(That Auburn was the home team and thus able to win in walk-off fashion was the result of the rules for the regional. The home-team designation is not by seed, but rather by rules designed to rotate the advantage. The Tigers were the home team by winning a coin flip. As things would have it, Coastal Carolina will also be the home team, because the Chanticleers have played two games as the visiting team and Tech has only done so once.)

Given that Hall had options to relieve Thomas, notably closer Tristin English, available, the decision to keep Thomas on the mound was open for second guessing. The final pitch of the night was Thomas’ 105th, his season high by two. Hall said he wanted the lefty-lefty matchup he had with Thomas against Williams, and was ready to replace Thomas if Williams reached base.

“But we never got to that point,” Hall said. “But we just kind of felt like Connor was the guy, particularly with a left-handed hitter in the box.”

A particular biting twist to the game’s final play for Thomas – Williams and Thomas are childhood friends through baseball. Thomas is from Tift County and Williams is from Albany.

“I was 0-for-3 until that point so I guess he could say he got me pretty good, too,” Williams said. “He’s a great pitcher, he always has been. I hate it that it had to be one of my good friends, but I’m happy to get the win here.”

Another unpleasant coincidence for the Jackets – Thompson, Auburn’s coach, has a history in helping deliver heartache to the Jackets at Russ Chandler. He was an assistant at Georgia in 2004 when the Bulldogs beat Tech in a super-regional, when little-used outfielder Jonathan Wyatt hit a two-run homer in the eighth to help send the Bulldogs to the College World Series. He was an assistant in 2011 with Mississippi State when the Bulldogs took the Atlanta regional as the No. 3 seed, defeating the Jackets in the championship game 7-3.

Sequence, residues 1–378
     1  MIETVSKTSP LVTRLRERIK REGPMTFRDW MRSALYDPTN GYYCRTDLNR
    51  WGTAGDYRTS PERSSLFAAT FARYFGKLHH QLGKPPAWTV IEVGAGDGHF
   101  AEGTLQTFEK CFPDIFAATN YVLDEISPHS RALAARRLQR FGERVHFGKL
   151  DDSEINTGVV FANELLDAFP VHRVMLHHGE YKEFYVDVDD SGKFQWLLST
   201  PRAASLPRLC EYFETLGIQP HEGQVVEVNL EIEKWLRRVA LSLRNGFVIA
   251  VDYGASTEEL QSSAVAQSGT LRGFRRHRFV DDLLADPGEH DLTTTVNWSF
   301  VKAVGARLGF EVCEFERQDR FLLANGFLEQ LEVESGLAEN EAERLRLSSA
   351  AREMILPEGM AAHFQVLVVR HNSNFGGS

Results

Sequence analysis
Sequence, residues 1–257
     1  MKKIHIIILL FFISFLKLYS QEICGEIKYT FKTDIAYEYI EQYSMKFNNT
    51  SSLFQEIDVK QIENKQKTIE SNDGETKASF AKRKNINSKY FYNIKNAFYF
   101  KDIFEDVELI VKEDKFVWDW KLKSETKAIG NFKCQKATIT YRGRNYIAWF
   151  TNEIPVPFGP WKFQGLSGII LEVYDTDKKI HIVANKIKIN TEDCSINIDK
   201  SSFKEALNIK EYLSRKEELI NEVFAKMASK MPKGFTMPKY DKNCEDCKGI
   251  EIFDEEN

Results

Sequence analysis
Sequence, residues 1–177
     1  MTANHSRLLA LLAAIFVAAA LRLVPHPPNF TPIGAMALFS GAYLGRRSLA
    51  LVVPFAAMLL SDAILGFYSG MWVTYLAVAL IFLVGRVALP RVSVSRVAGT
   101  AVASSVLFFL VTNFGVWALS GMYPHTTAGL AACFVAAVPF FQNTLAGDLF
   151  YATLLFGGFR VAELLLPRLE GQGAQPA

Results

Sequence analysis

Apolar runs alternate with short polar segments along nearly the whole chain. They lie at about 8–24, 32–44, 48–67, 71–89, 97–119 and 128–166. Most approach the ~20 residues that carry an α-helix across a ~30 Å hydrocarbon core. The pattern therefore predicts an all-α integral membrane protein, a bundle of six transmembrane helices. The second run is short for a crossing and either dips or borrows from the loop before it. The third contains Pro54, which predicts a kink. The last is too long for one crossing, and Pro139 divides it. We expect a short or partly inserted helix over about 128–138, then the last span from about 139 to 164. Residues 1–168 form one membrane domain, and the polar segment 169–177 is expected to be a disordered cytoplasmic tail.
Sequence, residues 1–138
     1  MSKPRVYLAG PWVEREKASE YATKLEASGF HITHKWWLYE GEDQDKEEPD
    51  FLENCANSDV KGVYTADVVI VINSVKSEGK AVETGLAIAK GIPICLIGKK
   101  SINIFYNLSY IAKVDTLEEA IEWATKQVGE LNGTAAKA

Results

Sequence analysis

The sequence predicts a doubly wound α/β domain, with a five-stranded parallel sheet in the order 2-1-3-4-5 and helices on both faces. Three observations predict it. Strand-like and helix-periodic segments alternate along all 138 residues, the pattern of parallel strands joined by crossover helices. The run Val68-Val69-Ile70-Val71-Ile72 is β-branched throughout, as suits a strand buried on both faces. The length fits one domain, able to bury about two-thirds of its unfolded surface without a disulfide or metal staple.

What was far more meaningful for the Tigers after the game was the memory of Rod Bramblett, the beloved voice of the Tigers who died last Saturday with his wife Paula in a car crash. The Tigers are also playing to honor the memory of an Auburn police officer who was killed on May 19 who had often worked security at Tigers baseball games and whose father is a longtime season ticket holder.

“I don’t think there’s any question any Auburn fan around the world would echo my sentiments that there is no question that, when that ball came off that bat, that you didn’t have a feeling for a second as it was traveling that Rod Bramblett was with us (Saturday),” Thompson said.

The emotion of the moment aside, the Jackets are now needing to win three games with starters Amos Willingham and Thomas unavailable. Hall said he’d likely start Keyton Gibson against Coastal Carolina. Jonathan Hughes is another possibility, and Hall has also said that he expects Xzavion Curry, who has been out with shoulder inflammation, to return to the mound. Jackets relievers have been up and down, but now likely have little margin to spare.

Tech does have some experience in trying to play its way out of a hole. Of the Jackets’ nine ACC series won this season, five of them required Tech to win on Saturday and Sunday after losing the series opener on Friday. Tech has also won four walk-off games.

The Jackets have thrived on being counted out and playing with a chip on their shoulder. They likely weren’t seeking such duress in the regional, but, for better or worse, they have all they need now.

“We’re a confident ballclub; we know we can play baseball with anyone,” said English, who is 7-for-7 in two regional games. “We thought we had the game (Saturday). Auburn, credit to them. (They) ended up grinding it out in that last inning. We know how to bounce back. We’ve been doing it all year, so I expect nothing but a good, hard-fought ballgame (Sunday).”